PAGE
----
• Black Spot Disease widely spread in trout, steelhead, and bull trout
  • Invasive nuisance algae
  • Significant change in insect community structure, and decline in adult insect abundance
  • Observations of declining bird populations

Clearly, this is no longer the river we knew prior to 2010. But fortunately, we know these problems are not inevitable. A return to cooler, cleaner water discharged from the Pelton Round Butte Project can begin alleviating these discouraging ecological changes in the lower river. It’s time for the responsible agencies, dam operators, and other parties to admit that the Selective Water Withdrawal tower is responsible for some serious unintended consequences, and begin charting a new path forward for lower river management.

The Deschutes River Alliance will remain on the front lines of the battle to restore this treasured river. Please join us in our efforts.

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Announcing the DRA’s 2016 Lower Deschutes River Water Quality Report

We are thrilled to announce the publication of the DRA’s 2016 Lower Deschutes River Water Quality Report. This report—along with three other reports we’ll be releasing over the next two months—is the culmination of the DRA’s most detailed investigation yet of the causes and extent of the ecological changes occurring in the lower Deschutes River.

An important aspect of the report analyzes hourly water quality data collected at River Mile 99, one mile below the Pelton Reregulating Dam, from February 18 through November 22, 2016. All data collected for pH, temperature, and dissolved oxygen are presented and analyzed, and compared against water quality requirements contained in the state-issued Clean Water Act § 401 Certification for the Pelton-Round Butte Complex, as well as Oregon’s water quality standards for the Deschutes Basin. Read the whole thing here.

This report represents the most complete public analysis yet of the impact of Selective Water Withdrawal operations on water quality below the Pelton-Round Butte Hydroelectric Complex. Key findings include:

  • Oregon’s water quality standard for pH in the Deschutes Basin (6.5-8.5 SU) was exceeded on 234 out of 279 days that data were collected (84%). 43% of the days sampled had pH measurements greater than 9.0.
  • Each year since 2011, Project operators have worked with the Oregon Department of Environmental Quality to purportedly weaken the water quality requirements in the Project’s Clean Water Act § 401 Certification. These changes include:
    • The defined spawning season for salmonids was changed from year-round to Oct. 15-June 15. This change allows the application of a lower dissolved oxygen standard during the non-spawning period (June 16-Oct. 14). However, this newly defined spawning period does not take into account the full season of resident trout spawning and egg incubation, as is required by the Oregon Administrative Rules. This has caused dissolved oxygen levels in the lower Deschutes River to fall below levels required to protect resident salmonids through egg incubation and fry emergence.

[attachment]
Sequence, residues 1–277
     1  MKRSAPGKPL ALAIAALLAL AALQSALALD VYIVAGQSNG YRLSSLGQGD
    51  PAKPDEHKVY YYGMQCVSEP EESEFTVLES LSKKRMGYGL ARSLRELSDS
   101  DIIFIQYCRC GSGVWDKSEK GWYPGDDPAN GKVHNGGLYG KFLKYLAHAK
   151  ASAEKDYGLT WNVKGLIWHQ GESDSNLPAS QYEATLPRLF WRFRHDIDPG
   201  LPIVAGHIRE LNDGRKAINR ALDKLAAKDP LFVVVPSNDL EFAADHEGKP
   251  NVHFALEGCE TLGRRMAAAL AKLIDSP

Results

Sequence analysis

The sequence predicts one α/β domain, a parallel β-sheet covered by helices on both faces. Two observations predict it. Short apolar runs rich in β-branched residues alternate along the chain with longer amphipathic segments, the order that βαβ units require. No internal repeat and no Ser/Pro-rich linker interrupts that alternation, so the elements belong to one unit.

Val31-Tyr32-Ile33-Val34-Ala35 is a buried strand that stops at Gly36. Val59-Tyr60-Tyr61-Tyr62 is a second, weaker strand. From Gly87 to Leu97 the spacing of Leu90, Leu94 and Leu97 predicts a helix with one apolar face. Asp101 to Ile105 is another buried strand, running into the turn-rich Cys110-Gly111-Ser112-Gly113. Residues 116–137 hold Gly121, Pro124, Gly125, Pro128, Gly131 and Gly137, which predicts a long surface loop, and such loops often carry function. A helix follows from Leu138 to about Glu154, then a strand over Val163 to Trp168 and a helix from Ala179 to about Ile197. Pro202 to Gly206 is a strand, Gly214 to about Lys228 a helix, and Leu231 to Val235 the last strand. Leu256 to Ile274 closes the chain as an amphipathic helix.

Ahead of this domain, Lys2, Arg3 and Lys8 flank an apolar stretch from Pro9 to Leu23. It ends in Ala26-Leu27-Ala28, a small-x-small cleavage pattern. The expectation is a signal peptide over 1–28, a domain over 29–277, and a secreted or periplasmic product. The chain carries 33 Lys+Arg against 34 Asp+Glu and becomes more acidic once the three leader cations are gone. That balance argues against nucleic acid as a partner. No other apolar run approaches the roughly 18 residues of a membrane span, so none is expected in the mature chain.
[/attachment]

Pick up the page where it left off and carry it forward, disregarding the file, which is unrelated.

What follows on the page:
• The water temperature that triggers the blending of cool bottom water from Lake Billy Chinook with warmer surface water has been markedly increased since the Selective Water Withdrawal tower began operations. This has allowed the release of 100% surface water into the lower Deschutes River to continue later into the summer.
  • Changes in pH and dissolved oxygen, documented by this study and ODEQ’s own data, clearly indicate that excess nutrients are being released into the lower Deschutes River from the surface waters of Lake Billy Chinook.

DRA’s 2016 Lower Deschutes River Water Quality Report clearly establishes that, in just seven years of operation, the Selective Water Withdrawal tower at Pelton-Round Butte has severely degraded water quality and threatens aquatic life below the Project. We believe this report will serve as an important document for all basin stakeholders in assessing the impact of tower operations on the river we all love.

A special thanks to all of our supporters, whose generosity and passion for the river has made all of our science work possible. We’d like to take this opportunity to specifically thank the various organizations and foundations who have provided funding to support this critical work, including:

  • The Oregon Wildlife Heritage Fund
  • Maybelle Clark MacDonald Fund
  • Flyfishers Club of Oregon/Flyfishers Foundation
  • Clark-Skamania Flyfishers
  • Mazamas
  • American Fly Fishing Trade Association
  • Tualatin Valley Chapter of Trout Unlimited
  • Washington County Fly Fishers

Cooler, cleaner H2O for the Deschutes!

Photo by Brian O’Keefe

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Lawsuit Update: Court Denies PGE’s Motion to Dismiss

Round Butte Dam and the Selective Water Withdrawal Tower.

Great news! On Monday morning, Judge Simon denied PGE’s motion to dismiss the DRA’s Clean Water Act lawsuit. In its motion, PGE had argued that the Clean Water Act does not authorize lawsuits by private citizens, including groups like the DRA, to enforce water quality requirements at hydro projects like Pelton-Round Butte. Judge Simon’s decision thoughtfully rejected each of PGE’s arguments on the issue, ultimately finding that the company’s interpretation of the Clean Water Act “rewrites the statute.” Read the whole decision here.